• 4 | Spread the word in the workplace and with spouses/partners: Employers can use ongoing communication campaigns to encourage all employees and their dependents to educate themselves about prediabetes. Part of that process could be asking their doctor if they might be at risk and encouraging their spouses/partners to do the same. The American Diabetes Association (ADA), the American Medical Association (AMA) and the CDC teamed up to create a website called doihaveprediabetes.org. The website features an interactive test to assess risk of prediabetes and materials available to the public to spread awareness.
  • 5 | Provide coverage for NDPP through a wellness program or medical benefit, with little or no cost sharing: NDPP is an effective approach to reversing prediabetes, in part because it is comprehensive in the way it encourages healthy behaviors. The NDPP does not use piecemeal strategies that address only one risk factor for prediabetes, but rather addresses multiple risk factors simultaneously. As a preventive service, this benefit can be covered with no cost sharing for patients even if they are in health savings account (HSA)-eligible plans. Employers should only pay claims to practitioners or organizations that are recognized by the CDC Diabetes Prevention Recognition Program. The health plans can help identify opportunities to communicate and integrate NDPP resources into other health program offerings. Alternatively, some employers have implemented on-site DPPs that incorporate elements of NDPP but leverage their own health and wellness centers.53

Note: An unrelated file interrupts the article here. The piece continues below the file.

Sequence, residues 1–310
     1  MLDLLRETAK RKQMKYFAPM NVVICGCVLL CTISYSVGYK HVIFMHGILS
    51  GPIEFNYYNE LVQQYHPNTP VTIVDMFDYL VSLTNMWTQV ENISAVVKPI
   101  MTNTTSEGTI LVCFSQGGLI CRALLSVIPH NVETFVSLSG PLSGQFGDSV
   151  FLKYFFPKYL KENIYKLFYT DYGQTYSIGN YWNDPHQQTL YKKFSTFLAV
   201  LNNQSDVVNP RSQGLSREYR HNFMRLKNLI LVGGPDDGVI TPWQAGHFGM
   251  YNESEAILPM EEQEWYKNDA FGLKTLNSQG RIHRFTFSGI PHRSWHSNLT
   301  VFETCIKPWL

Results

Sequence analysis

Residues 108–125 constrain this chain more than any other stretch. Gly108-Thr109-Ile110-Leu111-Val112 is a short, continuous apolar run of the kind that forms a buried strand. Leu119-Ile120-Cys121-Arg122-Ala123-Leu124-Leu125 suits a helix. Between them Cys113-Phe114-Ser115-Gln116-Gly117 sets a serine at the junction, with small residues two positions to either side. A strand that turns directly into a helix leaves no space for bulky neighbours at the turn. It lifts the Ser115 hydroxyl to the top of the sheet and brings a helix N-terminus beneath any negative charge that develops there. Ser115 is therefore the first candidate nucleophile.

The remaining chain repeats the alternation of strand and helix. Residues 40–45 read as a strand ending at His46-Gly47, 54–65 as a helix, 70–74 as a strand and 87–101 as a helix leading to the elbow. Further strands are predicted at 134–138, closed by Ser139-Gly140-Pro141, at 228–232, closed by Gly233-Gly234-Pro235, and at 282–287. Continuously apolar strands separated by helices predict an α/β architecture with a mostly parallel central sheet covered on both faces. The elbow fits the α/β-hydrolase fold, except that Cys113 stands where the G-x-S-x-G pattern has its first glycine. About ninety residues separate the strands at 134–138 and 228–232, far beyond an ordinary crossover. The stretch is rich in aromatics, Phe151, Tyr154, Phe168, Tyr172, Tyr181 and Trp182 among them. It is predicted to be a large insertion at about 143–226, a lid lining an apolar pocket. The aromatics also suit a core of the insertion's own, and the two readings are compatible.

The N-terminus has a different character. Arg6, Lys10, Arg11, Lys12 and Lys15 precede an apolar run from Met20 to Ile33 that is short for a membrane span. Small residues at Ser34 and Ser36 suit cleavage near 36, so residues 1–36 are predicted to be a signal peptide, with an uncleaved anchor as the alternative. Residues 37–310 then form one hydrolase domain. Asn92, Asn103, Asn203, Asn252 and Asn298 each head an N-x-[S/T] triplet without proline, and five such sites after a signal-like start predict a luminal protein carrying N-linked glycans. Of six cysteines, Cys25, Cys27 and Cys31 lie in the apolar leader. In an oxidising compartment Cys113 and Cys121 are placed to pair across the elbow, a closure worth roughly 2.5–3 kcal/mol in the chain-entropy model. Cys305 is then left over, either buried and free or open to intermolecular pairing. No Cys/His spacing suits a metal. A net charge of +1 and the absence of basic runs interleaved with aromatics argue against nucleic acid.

• 6 | Consider partnering with solutions that use digital platforms to deliver evidence-based supports to people living with prediabetes: Employers should assess key criteria for whether a solution that promotes healthy behaviors to reverse prediabetes adheres to evidence-based protocols. The criterion for solutions includes adherence to evidence-based protocols with regular clinical review, an ability to share data across different platforms and a strong customer service record for patients and employer clients. Employers have seen positive results in partnership with solutions that promote evidence-based approaches predicated on NDPP.54,55 Nevertheless, employers implementing solutions should continually monitor program effectiveness; for instance, any solution should report on rates of engagement among target populations and impact on blood sugar levels. For programs that have shown high levels of engagement and clinical effectiveness, consider reducing cost barriers to program participation for eligible participants with prediabetes.
  • 7 | Consider covering metformin as a preventive medication at zero cost sharing for people with prediabetes: Although metformin is a relatively inexpensive drug, eliminating financial barriers to accessing it may increase the likelihood that people fill their prescriptions and are adherent to the medication. Several large employers have used this strategy, and it complies with rules limiting pre-deductible coverage in HSA-eligible plans. Communication campaigns focused on prediabetes should note that drugs are not necessary for treatment and should only be used in conjunction with lifestyle changes for high-risk individuals.
  • 8 | Consider providing targeted coverage of GLP-1s alongside lifestyle intervention programs: Employers should assess the health of their workforce population and determine the need for coverage of other evidence-based nonpharmaceutical treatment approaches (e.g., behavioral change and lifestyle intervention programs). Additionally, understanding costs and utilization trends, including off-label prescribing of GLP-1s, may be helpful when considering current and future coverage, along with prior authorization criteria.